Some sort of power source. Theoreticaly it can run on a simple 9V battery, but it can't run for long because it swallows the battery quick. What I did was take an old laptop power supply, crimp JST connectors on there and connect it to a buck converter to step the voltage down to around 10v. The amount of vibration you should get depends on the size of your tub I imagine. Start low and work your way up to just before you're afraid your tumbling medium will shoot out over the edges of your tub
A soldering iron and solder, some wire, and if you want to step down voltage, a buck converter. Optional but recommended is JST connectors or similar so you can pull out your power supply and use it for something else too, but you can also just permanently attach the power supply to the tumbler
A glue clamp or some other way to keep the tumbler down on a surface. If you do not fixate it, it will jump off the end of the table quickly
HIGHLY RECOMMENDED, but not totally needed, is a craft foam mat or something else to absorb excess vibration. This quiets the tumbler a TON and also prevents it from shaking the tumbling medium out of the tub. You can also use a bit of craft foam or soldering sponges to put between the tub and the blocks to further dampen the noise. Rubber mats probably work too.
Bonus tip: This works with your 3D printer too - craft foam under the legs and you absorb some vibration going out through the bottom
- Optional: A toggle switch so you don't have to pull out the plug every time you want to turn the tumbler off. But you can forego this if you don't have one lying around. I also suggest using electrician's tape or, even better, heat shrink tubing, to protect your solder joints to prevent them touching and shorting out or to protect if you spill some water or touch the wire.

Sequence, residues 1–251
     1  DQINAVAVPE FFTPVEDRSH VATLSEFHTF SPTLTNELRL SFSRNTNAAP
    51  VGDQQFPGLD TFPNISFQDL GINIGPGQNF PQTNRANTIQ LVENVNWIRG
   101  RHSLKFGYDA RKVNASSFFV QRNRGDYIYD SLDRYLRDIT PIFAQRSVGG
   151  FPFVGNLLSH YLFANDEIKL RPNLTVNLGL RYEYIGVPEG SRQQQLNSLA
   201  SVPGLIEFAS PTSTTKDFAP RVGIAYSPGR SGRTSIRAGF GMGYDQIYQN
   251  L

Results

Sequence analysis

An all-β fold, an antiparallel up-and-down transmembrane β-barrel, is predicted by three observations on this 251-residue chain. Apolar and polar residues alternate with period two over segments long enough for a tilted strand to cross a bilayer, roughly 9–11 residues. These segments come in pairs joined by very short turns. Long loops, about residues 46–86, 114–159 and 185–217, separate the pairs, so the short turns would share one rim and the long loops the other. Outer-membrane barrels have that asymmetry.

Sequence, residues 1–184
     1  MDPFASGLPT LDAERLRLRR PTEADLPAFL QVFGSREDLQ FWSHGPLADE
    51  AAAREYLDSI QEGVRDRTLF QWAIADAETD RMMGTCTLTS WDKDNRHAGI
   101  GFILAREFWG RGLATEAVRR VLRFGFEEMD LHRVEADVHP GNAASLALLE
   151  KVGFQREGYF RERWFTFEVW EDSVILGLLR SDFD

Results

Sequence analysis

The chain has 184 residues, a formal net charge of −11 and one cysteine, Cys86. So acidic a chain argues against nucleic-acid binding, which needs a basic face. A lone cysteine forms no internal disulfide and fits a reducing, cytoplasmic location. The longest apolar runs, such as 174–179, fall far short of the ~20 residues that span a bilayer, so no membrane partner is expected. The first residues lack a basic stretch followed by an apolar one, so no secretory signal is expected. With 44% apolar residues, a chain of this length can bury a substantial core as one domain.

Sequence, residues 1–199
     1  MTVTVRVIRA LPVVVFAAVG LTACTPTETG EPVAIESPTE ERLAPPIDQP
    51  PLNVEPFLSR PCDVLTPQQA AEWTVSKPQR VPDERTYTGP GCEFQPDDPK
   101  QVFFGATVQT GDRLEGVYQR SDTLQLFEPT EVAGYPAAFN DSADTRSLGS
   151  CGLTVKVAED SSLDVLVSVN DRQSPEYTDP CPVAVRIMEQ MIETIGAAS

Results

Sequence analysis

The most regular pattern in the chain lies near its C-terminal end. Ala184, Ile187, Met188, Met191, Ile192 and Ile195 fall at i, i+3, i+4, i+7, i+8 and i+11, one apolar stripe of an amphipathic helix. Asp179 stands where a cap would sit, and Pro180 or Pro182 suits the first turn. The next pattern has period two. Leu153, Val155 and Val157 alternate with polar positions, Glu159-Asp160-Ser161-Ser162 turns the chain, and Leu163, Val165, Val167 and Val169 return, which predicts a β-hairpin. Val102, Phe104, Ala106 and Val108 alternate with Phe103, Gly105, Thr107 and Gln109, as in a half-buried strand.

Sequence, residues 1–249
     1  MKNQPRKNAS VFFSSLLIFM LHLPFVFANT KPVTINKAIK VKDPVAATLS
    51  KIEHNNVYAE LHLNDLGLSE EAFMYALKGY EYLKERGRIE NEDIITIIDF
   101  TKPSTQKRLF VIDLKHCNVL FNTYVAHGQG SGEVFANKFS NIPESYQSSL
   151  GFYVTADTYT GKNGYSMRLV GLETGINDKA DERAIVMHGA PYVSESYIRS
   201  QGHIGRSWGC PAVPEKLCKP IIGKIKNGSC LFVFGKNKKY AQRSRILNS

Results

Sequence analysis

Simple instructions in bulletpoints:
- Print the frame. All parts can be done at 20% except the threaded rods. They are so small you need to print them tougher. I suggest 100%
- Attach the motor stop to your motor. This prevents the motor from simply falling through the motor hole. This is a snug fit, so you may need to use a hammer or mallet to make it go on the motor. You can add a bit of glue if you're afraid the motor will fall out.
- Screw the distancers in the slots on the bottom frame part. No need to glue.
- Attach the threaded rods and springs to the top block and distancers. This can be a bit tricky
- Put bolts in the tumbler tub blocks and glue the blocks on the top frame. I suggest 2-part epoxy or an ultra strong glue that holds very well
- Put the motor in the motor hole and arrange the wires. Optionally, tape them down.
- Make holes in your tub to fit the 4 bolts and one hole in the middle for the bolt that will hold your cone. Make your cone by building it on a bolt for the screw you put through. I made my cone from a plastic syringe, the nut and electrician's tape, but get creative. Seal the cone so it's water tight. Silicone caulk works well, but if you're good with hotglue, that CAN work in a pinch but I don't suggest it
- Put the tub on the 4 bolts, attach the nuts and make a water tight seal. Same method as the cone.
- Let the caulk set if you used that to make a watertight seal. Test your tub with water to make sure it's water tight. Let the water sit a couple of minutes and see if any drizzles through
- OPTIONAL: Put soldering sponges or some craft foam in between your tub and the tumbler blocks to quiet the tumbler a bit.
- Attach all the electronics as you please. The simplest working curcuit is getting a power source with the desired amount of voltage and solder it directly on the motor wires. I suggest a toggle switch and you will probably need to step down the voltage to match your desired motor power. Buck converters off Amazon or eBay are good for this.
- OPTIONAL: Put your tumbler on a craft foam mat to quiet it down. This is a very good idea. Silicone or rubber mats can work too, and you can get legitimate vibration dampening mats for this sort of thing.
- Put a clamp on the bottom of the frame to keep the tumbler in place. Add tumbling medium, your choice of lubricant and/or solution and turn on your tumbler. Let the tumbler mix your medium and lubricant/solution and then add whatever you need to tumble.
As for what tumbling media, solution, lubricant and tumbled material is good, that is not something I can guide on too much. Google has a lot of info on this topic and you know your needs best.
Any Any will work, I used PLA
20% for most, 100% for the threaded rods